Friday, 3 February 2017

Beneath the Divan: A Family Album by Debra Daley

The oldest, the most historical item that I own is a photograph album that was probably made sometime between 1865 and the 1880s. It’s an object that is significant to me, not only as a family keepsake, but because it has served in a way as an ongoing history lesson ever since it came into my hands when I was a child. It has prompted me to ask questions about provenance and image-making and to undertake research to answer those questions. It represents my first conscious encounter with the past.

My maternal grandparents lived in a small, two-bedroom house in a suburb of Auckland, where they had managed to raise five children on a factory-worker’s wages. A dark mood tended to prevail in my own home, where scarcity and trouble ruled the roost, but my grandparents were social and talkative and encouraging. I loved coming to stay with them in the school holidays. Even the situation of their house, at the top of a rise – and the name of the street itself, Jubilee Avenue – struck me as cheerful. In their sitting room (flowered carpet, three chairs shoved together pretending to be a sofa, industrial-sized heater, bookcase bursting with Dennis Wheatley and Hammond Innes, and a mighty votive TV set overlooking all) there was a built-in divan, on which I slept.

One day, my grandfather opened up a storage well beneath the divan to unearth an encyclopedia that might answer some inquiry I had for a school project. To my surprise, a trove of handsome old-timey volumes lay within, their brittle, spotted pages infested by silverfish. They were Fancy Books. I recall there was a volume of poems by Alfred Lord Tennyson. Actual poems. In a book. By a lord. And, oddly, Proceedings of the New Zealand Legislative Council. Then, I caught a lovely shimmer of mother of pearl and iridescent pāua shell. They formed the cover, it turned out, of a handsome photograph album comprising twenty, thick gilt-edged pages. I was captivated by it at once.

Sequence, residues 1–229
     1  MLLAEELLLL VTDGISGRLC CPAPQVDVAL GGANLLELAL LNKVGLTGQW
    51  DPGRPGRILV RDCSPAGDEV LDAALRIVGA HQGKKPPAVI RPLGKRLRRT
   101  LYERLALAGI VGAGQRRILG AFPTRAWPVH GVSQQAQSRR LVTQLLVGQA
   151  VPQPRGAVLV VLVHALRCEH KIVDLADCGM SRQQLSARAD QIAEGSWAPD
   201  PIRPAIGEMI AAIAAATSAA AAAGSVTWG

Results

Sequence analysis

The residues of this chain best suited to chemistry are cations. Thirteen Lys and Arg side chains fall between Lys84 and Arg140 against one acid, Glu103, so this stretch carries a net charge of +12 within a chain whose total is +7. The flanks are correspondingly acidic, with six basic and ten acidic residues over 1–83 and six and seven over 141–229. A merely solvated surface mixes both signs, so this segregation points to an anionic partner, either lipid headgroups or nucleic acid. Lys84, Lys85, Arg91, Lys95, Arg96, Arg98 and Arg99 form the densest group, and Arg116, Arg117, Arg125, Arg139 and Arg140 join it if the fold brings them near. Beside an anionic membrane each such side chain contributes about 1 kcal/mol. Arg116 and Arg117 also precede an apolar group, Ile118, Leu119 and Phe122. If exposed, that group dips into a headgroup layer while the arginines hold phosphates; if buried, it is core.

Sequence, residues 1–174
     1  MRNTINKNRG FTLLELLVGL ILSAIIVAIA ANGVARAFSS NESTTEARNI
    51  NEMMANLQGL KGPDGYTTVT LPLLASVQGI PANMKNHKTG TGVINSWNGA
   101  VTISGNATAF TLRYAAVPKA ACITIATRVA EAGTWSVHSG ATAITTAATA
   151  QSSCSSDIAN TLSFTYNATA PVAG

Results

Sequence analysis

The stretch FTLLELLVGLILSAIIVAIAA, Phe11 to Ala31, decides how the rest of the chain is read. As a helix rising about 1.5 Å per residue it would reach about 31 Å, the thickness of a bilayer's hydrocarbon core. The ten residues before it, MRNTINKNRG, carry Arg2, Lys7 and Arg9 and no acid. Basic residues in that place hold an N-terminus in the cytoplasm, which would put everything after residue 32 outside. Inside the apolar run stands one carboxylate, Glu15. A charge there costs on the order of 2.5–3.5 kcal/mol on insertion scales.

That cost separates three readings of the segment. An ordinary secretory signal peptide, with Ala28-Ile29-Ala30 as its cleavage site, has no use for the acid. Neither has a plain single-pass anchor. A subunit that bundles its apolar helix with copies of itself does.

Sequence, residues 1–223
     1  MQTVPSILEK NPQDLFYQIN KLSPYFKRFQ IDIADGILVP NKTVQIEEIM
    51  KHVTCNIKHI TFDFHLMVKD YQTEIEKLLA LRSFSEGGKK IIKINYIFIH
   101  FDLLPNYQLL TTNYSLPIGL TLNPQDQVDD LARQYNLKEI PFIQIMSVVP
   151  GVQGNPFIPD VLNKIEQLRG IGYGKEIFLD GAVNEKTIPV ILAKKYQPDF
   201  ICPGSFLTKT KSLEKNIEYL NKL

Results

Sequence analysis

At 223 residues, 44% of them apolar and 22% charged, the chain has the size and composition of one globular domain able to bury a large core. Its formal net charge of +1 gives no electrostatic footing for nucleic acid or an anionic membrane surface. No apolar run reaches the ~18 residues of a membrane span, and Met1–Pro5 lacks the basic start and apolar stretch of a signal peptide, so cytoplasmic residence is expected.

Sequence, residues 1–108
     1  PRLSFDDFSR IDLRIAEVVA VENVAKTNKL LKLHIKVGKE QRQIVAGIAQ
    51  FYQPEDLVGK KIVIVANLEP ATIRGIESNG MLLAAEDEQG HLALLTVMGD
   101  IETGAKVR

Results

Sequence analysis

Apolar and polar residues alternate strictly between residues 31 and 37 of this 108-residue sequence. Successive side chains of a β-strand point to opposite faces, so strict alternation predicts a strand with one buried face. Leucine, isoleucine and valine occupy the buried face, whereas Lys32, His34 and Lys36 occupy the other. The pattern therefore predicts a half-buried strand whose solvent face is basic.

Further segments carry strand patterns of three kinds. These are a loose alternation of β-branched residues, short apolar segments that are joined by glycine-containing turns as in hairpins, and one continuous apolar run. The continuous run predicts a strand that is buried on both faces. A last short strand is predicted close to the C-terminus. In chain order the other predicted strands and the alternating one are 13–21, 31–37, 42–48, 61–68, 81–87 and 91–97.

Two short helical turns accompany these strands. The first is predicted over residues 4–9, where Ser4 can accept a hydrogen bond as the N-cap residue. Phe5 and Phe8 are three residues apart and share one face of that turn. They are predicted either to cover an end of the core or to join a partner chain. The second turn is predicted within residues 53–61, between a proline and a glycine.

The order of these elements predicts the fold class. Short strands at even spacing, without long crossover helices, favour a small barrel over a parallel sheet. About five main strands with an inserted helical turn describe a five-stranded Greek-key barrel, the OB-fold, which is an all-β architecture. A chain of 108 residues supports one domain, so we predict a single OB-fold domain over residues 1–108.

Photograph album bound in brown leather, with part of a metal clasp
and covers inlaid with pāua (abalone) shell, tortoise shell and mother of pearl.

The attraction lay not only in my curiosity about family photographs, but the sense of culture that emanated from this showy object. Culture, in the form of books and art and creativity in general (as opposed to living in a state of ongoing economic emergency), was something that I yearned for, although I couldn’t name the impulse until I was much older.

My grandfather mentioned that the contents of the divan had belonged to his grandfather, but seemed disinclined to offer any more about the man. (William Kelly, I found out later, who emigrated to New Zealand from Ireland with his bride, Frances, in 1863.) I gathered from my grandfather’s reticence about his antecedents that there had been a falling-out somewhere down the line, which perhaps accounted for the careless way the patriarch’s books and other objects had been stored.

By the time I was old enough to realise the historical worth of the divan’s hoard of books, it had disappeared, except for a copy of Hogarth’s Works in folio format, circa 1870. The Hogarth volume was worn through at the extremities and torn at the spine joints, but as I pored over it, turning the pages gingerly, I marvelled at the world within. Rakes and harlots – whatever they were. Marriage à la Mode (The Boudoir of the Countess). Gin Lane. The Midnight Conversation. This book was to prove the entrée ­– when my understanding of its contents improved – to the amazing new land of 18th-century London and, as it turned out, influenced my choice of study at university as well as much of my writing life.